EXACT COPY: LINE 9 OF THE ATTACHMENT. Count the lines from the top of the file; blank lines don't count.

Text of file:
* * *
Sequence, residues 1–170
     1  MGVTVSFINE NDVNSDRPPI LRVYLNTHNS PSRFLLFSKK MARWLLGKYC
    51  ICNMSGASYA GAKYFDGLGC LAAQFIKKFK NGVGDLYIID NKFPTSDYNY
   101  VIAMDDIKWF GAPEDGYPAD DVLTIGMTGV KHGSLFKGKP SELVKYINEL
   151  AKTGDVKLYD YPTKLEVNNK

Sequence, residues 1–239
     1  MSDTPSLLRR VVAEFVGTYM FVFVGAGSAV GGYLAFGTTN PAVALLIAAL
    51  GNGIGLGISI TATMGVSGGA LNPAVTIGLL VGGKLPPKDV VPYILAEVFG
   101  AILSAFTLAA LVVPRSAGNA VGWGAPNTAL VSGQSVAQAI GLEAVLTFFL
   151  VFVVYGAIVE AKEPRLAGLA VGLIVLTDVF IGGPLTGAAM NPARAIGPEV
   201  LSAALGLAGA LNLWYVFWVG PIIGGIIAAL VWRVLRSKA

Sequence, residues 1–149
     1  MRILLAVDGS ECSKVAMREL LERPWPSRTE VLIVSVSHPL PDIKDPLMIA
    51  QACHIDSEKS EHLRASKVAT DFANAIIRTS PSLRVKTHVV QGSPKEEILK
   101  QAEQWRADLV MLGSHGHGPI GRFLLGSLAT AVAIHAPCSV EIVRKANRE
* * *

   101  AILSAFTLAA LVVPRSAGNA VGWGAPNTAL VSGQSVAQAI GLEAVLTFFL